Wally Fry is the pioneer of plant-based foods in South Africa, he was an early market entrant. He launched the Fry Family Food Co. in 1991 during a time when vegetarianism was considered a fad in the country, and retailers had little to no faith in the demand for meat substitute products.
According to Wally, the establishment of the Fry Family Food Co. was an aspiration and value-driven decision as opposed to a profit-driven one.
The former farm boy and livestock trader built up the business which may not have been commercially conventional, to a successful brand.
In the last 30 years, Fry Family Food Co. has led the growth of plant-based and meat-free food products in South Africa, making vegan and vegetarian options easily accessible to consumers looking for alternative protein sources.
Wally Fry credits his wife, Debbie, with introducing him to a meat-free diet while he, ironically, was in the cattle and goat trade.
“I met my wife while I was a livestock agent and she was already a vegetarian. I didn’t even know what a vegetarian was at the time,”
After he marrying Debbie, Wally worked in his father-in-law’s construction business which led to him establishing his own small construction company.
During this time, he became involved in the development of a 1 000-sow piggery in KwaZulu-Natal. Visiting the site once in operation, he was shocked at the conditions in which the bred-for-meat animals were held.
The straw that broke the camel’s back towards his push to a meat-free life came when his vegetarian daughter started asking questions about the reasons animals were reared and killed for food.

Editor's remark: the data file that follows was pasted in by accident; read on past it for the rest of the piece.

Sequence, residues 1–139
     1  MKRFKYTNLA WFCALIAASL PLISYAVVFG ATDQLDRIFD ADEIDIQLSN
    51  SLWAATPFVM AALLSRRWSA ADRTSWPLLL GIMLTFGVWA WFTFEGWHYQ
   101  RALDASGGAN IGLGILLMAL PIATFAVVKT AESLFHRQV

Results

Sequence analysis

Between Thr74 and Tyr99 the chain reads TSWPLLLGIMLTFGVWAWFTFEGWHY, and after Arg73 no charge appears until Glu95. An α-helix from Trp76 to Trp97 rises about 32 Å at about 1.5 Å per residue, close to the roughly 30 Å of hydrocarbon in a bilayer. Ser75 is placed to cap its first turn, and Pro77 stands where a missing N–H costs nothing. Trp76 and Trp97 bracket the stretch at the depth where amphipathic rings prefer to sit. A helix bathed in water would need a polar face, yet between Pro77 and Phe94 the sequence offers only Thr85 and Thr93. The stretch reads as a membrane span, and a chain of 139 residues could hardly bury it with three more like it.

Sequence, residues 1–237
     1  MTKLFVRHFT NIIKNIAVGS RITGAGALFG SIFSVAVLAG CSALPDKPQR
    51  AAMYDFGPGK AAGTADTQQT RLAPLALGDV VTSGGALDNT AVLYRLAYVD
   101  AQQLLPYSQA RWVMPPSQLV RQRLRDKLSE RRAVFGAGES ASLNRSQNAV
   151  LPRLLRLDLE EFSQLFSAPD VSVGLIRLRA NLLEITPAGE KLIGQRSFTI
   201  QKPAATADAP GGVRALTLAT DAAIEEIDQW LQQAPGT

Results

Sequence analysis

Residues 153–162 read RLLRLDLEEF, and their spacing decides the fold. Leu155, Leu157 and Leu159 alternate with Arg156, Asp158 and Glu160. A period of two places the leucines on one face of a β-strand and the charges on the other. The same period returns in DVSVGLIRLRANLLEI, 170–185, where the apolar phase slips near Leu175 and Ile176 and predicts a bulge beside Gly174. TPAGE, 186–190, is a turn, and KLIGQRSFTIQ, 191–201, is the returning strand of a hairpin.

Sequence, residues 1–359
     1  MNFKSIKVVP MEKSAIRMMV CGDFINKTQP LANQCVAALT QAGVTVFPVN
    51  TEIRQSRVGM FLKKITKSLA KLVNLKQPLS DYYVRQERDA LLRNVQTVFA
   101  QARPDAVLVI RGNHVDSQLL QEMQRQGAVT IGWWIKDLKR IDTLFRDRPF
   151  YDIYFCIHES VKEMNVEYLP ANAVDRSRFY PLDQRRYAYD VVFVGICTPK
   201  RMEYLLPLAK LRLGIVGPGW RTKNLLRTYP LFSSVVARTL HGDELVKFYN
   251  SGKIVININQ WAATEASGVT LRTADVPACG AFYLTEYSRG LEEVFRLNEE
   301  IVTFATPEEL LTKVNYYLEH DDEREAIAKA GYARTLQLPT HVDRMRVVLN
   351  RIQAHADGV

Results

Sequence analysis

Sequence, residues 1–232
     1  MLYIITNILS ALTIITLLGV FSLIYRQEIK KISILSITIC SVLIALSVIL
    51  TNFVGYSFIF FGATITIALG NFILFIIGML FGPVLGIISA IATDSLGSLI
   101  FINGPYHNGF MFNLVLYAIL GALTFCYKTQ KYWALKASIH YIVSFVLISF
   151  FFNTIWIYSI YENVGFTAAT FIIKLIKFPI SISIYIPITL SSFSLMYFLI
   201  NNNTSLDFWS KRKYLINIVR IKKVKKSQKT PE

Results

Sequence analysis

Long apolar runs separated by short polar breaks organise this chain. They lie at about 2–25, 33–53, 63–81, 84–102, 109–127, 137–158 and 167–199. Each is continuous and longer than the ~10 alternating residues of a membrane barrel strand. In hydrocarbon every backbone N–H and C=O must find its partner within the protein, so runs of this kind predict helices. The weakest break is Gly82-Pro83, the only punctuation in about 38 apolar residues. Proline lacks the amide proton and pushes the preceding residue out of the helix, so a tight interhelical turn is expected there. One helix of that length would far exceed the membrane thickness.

“She asked questions I didn’t have the answers to. I started to do some research and was flabbergasted at the extent of biodiversity destruction as a direct result of livestock farming. It was an epiphany for me. Discovering alternative food sources to meat became a passion, a desire, a calling,”
Realising he wouldn’t last long on a diet full of rice and lentils, Wally started to experiment with ingredients in the kitchen where he learned how to process raw materials such as soya and make emulsions from vegetable-based fats.
“The kind of food development I was doing at the time was unknown in the world. This was tough, as there was no-one I could go to for advice and I had to figure things out myself,”
Fry Family Food Co.
Wally had no desire to commercialise his homemade meat-free alternatives until he was approached by a marketing specialist in early 1992 who spotted the opportunity, drew up a free business plan for the Fry Family Food Co. and introduced him to players in production and packaging.
“He taught me so many things about the retail business and I am forever grateful for his intervention.”
Wally soon secured a meeting with the food buyer of an established retailer where he provided a tasting of his meat-free hotdog, sausage, polony and burger.
“He liked the product and said he would give us a listing in 33 stores nationally, but he had no idea of our limited production capacity, and we hadn’t even finalised packaging yet.